Yes! UK Political Parties Commit to Protecting Overseas Aid
Keeping our promise to the world’s poorest.
Elections are not often characterised by shows of unity, and the launch of political manifestos is normally a time to reinforce individual party lines.
Yet there’s good news when it comes to UK Aid.
The Conservative Party, the Labour Party, the Liberal Democrats, and Plaid Cymru have all made manifesto pledges to ensure the UK meets its target of spending 0.7% of the national income on overseas aid — and have outlined how they will ensure this money is spent as efficiently as possible.
The Green Party and the Scottish National Party have both publicly stated their ongoing support for UK Aid, although they have not yet released updated manifestos for 2017.
UKIP has pledged to slash the aid budget to just 0.2% of the national income, but have also not released a full manifesto yet. In 2015, they pledged to continue to spend at least £4 billion on overseas aid, prioritising clean water and sanitation, healthcare, innoculation and emergency aid programmes.
In a period where UK Aid is under intense scrutiny and Britain seeks to redefine its place in the world, it’s vital that political parties stand up for values of generosity, openness and equality.
There are still outstanding issues that need to be addressed. All parties must commit to ensuring aid is delivered in the most transparent and effective way possible. To achieve this, any government must protect the quality of aid, maintain an independent Department for International Development, and ensure the aid budget prioritises the needs of the world’s poorest.
The facts show that UK Aid saves lives. Since 2011, the UK’s contribution to developing countries has helped save the lives of 103,000 women in childbirth, halved the number of deaths from malaria in at least 10 countries, and supported 11 million children into primary and lower secondary school.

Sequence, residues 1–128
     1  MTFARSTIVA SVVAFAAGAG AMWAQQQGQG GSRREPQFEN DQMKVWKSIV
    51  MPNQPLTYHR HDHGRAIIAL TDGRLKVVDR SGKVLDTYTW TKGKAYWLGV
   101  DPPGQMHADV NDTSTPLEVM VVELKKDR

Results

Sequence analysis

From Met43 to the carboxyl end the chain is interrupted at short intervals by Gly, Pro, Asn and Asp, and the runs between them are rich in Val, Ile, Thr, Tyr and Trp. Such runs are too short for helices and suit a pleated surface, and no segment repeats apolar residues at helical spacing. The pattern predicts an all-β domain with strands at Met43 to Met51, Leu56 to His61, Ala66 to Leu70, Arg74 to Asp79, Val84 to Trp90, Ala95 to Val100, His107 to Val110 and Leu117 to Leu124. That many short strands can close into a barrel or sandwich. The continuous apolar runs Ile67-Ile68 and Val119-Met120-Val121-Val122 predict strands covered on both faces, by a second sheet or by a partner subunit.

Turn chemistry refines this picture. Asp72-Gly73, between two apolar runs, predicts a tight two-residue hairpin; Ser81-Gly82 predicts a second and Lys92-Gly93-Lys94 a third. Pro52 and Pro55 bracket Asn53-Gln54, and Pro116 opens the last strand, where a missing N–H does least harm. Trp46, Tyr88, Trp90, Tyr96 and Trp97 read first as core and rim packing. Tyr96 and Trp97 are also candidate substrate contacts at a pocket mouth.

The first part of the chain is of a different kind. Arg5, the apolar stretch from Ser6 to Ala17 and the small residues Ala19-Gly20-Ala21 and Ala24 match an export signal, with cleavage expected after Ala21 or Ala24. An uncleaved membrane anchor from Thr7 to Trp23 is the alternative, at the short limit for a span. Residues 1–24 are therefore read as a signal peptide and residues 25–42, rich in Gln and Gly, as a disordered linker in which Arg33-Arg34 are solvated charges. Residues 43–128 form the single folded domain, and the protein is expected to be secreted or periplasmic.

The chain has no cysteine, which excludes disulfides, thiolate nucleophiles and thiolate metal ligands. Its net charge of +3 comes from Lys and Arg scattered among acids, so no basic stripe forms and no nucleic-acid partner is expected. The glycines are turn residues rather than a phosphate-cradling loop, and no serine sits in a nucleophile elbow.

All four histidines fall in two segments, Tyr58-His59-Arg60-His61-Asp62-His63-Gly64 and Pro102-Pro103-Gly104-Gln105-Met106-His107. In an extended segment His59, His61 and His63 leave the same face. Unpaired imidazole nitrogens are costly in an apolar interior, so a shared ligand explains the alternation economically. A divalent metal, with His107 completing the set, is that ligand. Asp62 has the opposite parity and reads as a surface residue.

The real people behind the numbers prove that UK Aid is worth protecting, supporting people to create change in their own communities. Women like Rekha (pictured above), who is working to protect other women in Bangladesh from the domestic abuse she was forced to endure, or 23-year-old Janet who helped rescue her 14-year-old cousin from FGM.
Every year, thousands of British citizens volunteer their time and expertise abroad to support the work carried out by UK Aid. Beyond voluntourism, they seek to make lasting change. From 20-year-old Nathaniel Antonio-Gorse, who volunteered in Malawi to work on HIV prevention after finding out he was HIV-positive, to 67-year-old Billy Carr who has volunteered in Cameroon, India and Pakistan over the last eight years, individuals across generations are proving their commitment to UK Aid.
"UK Aid transforms lives, often saves lives, and builds bridges between peoples at a time when the world sometimes seems to be becoming a less welcoming place,” said Carr in a blog by VSO.
It’s great to see parties across the political spectrum backing UK Aid. In a 2017 Eurobarometer poll, 89% of respondents in the UK said helping people in developing countries was important and 70% agreed that aid contributes to a “more peaceful and equal world.” Thousands of Global Citizens have taken action to urge party leaders to continue this important work.
Aid alone is not enough to overcome global inequality. From tax avoidance to international trading barriers, it’s vital to tackle the obstacles that keep people and nations trapped in poverty. But, as the country elects a new government, it’s reassuring to see the UK’s commitment to the world’s poorest overcome political divisions.
In a joint statement, leading aid organisations welcomed the news, stating: "Keeping this promise is the right thing to do. It reflects the values of the millions of people around the UK who support our organisations and those of a bigger Britain of which we can all be proud.”
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